Saturday, October 9, 2010

Wolfe at the Door

It isn't often that I revisit books I didn't like. Most of the time if I try to read a book and find it doesn't capture my interest I get rid of it and move on.

On rare occasions, though, I will go back and give a book a second chance. Most of the time I find my initial reaction was correct. Sometimes though... sometimes I discover that my attitude has changed.

One of those rare occasions was with Rex Stout's Nero Wolfe books.

A few years back I borrowed the first of Stout's Nero Wolfe books from the library. I had thoroughly enjoyed the A & E TV series that had been broadcast in the early 2000's and so naturally I thought I would enjoy the books.

I did not.

In point of fact I found the plot slow to get started and all of the characters -- from Wolfe to his aide-de-camp Archie Goodwin to all of the supporting cast -- were dull. I returned the book to the library and went on to other things.

Several months ago, however, I felt compelled to give it another chance. Again, I checked the first book in the series out of the library. To my surprise something had changed and this time I honestly enjoyed the story!

So fast forwarding to now... I had been checking books out of the library, participating in a contest sponsored by said library. Among those I checked out I decided to grab the second book in the Nero Wolfe series since it had been so long since I had read the first. I was again captivated... in fact, even more so. And this has sent me on a quest to read all of the books in the Nero Wolfe corpus (NOT corpse, corpus -- as in "body of work"). I also thought I might share some of my thoughts on the books with my readers. And so... we begin.

The Plot:Nero Wolfe is hired by Maria Maffei to find her missing brother, Carlo. The trail leads to the death of university president Peter Oliver Barstow of an apparent heart attack. Wolfe, however, believes it was murder. When he is proven correct the race is on to find the murderer and more bodies show up as Wolfe starts to pull skeletons out of suspects' closets. As Wolfe begins unravelling the truth he puts himself in the path of a man who will not hesitate to kill again.

My Take: Written in 1934, some of the cultural references the characters (particularly Archie) make will likely fly over the heads of many if not most modern readers. There is also some ethnic stereotyping which was common for the era but modern readers may be anywhere from uncomfortable with it to expressing distaste for it.

With that out of the way, Rex Stout's main characters carry the day. The plot is a bit convoluted and the murderer seems to be going about things in a ridiculously complex manner but the reader is willing to overlook this because Wolfe and Archie make the story spark.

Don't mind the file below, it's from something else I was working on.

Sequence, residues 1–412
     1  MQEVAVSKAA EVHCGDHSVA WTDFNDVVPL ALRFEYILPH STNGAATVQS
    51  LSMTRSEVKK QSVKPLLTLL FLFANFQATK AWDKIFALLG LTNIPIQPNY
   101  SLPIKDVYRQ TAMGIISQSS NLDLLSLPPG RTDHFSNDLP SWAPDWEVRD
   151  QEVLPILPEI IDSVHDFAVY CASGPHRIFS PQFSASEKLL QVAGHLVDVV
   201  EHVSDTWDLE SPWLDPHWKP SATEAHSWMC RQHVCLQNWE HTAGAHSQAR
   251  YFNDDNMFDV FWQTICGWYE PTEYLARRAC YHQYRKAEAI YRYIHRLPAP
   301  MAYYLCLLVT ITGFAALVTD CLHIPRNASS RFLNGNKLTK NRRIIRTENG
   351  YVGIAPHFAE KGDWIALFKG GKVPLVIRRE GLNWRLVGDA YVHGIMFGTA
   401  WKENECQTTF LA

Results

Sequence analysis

It is true that there are still some rough edges which Stout would file down over the years -- both in his writing style and in his characters. Archie is often blunt and outright rude but this is balanced by a witty sarcasm and the ability to go from zero to charming in about two seconds. Likewise, despite the fact that Wolfe's ego is as large as he is (a seventh of a ton according to Archie) he manages to come across as charming and eccentric rather than annoying and grating.

Someone once wrote that Stout achieved the near-impossible -- he married the British mannerly style of mystery stories with the American hard boiled style. This is not only true it is obvious even here in the first book. Wolfe, with his insistence on logic and rational thinking, his attention to detail and his genius is very much in the style of Sherlock Holmes. Archie, on the other hand, with his sarcasm, his eye for the ladies, and his streak of old-fashioned Knight Errant in him is firmly from the Raymond Chandler school of characters. And this odd mix works -- just as the odd friendship, partnership and employment relationship works for Wolfe and Archie. We also see that, while Archie may not be up to Wolfe's level of genius, he is a keen student of human nature and Wolfe relies on him, trusts him, and has confidence in his abilities. In short, Archie is no Watson, forever trailing in Holmes' wake.

It is true that the book is a slow burn. It does take a while for the plot to get started and some of the 'talking heads' scenes do go on a bit and get boring but if you persevere you will be rewarded with being introduced to two of the most unique characters in American mystery.

Quote of the Book:He (Wolfe) cursed. I hated to hear him curse. It got on my nerves. The reason for that, he told me once, was that whereas in most cases cursing was merely a vocal explosion, with him is was a considered expression of a profound desire.


  1. Thank you for an interesting summary of the Wolfe corpus. I will put a link to it on the web site if that's ok with you.

    They are an enthralling team to read (over & over).

    I see you are interested in comic books. Archie Goodwin, the prolific comic book series producer, writer, etc. appears to actually be MORE famous than Wolfe's assistant.

  2. You're welcome to cross post.

    I'm hoping to do a regular series of quasi-reviews (all opinions are my own, I make no claims to literary criticism) for each book in the series as I finish them.